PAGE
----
When John Banvard died in Watertown in 1891, newspapers throughout America and Europe ran his obituary, though it was hardly the kind of attention the town fathers might welcome. Most of the media wondered how it came to pass that one of the 19th century’s wealthiest and most renowned artists could die penniless in an American frontier town.
John Banvard achieved international success by fulfilling a boyhood dream of creating the largest painting ever. That might not seem like much of an accomplishment, but when completed, his Mississippi Panorama stood 12 feet high and stretched 3 miles in length. Known to the world as The Three Mile Painting or Banvard’s Grand Panorama of the Mississippi, Banvard’s canvas depicted nearly 3,000 miles of riverbank, from the mouth of the Yellowstone River on the upper Missouri all the way to New Orleans.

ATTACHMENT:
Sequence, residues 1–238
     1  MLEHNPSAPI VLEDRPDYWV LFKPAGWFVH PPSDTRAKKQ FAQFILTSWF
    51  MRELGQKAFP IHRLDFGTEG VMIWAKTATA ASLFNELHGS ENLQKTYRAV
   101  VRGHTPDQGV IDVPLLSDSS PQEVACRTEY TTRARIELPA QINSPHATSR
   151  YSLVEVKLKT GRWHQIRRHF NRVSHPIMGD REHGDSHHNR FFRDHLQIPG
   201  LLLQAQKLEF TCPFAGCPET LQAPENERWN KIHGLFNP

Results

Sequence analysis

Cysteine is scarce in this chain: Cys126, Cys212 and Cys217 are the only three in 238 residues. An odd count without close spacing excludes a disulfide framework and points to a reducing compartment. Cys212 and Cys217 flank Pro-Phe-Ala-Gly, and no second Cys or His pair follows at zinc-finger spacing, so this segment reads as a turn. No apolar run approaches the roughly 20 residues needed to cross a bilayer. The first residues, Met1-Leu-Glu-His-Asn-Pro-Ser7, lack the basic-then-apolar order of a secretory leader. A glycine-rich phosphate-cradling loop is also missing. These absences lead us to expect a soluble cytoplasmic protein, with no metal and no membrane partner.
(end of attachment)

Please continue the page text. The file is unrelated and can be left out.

In marking his passing, the Watertown paper printed that Banvard was, “one of the greatest men the world ever saw, and by his genius and skill has made himself so famous that his name will go down in history as such.”
That prophecy proved less than accurate; as a matter of fact, Banvard’s name is scarcely known today…
via South Dakota Magazine. To view the rest, click here.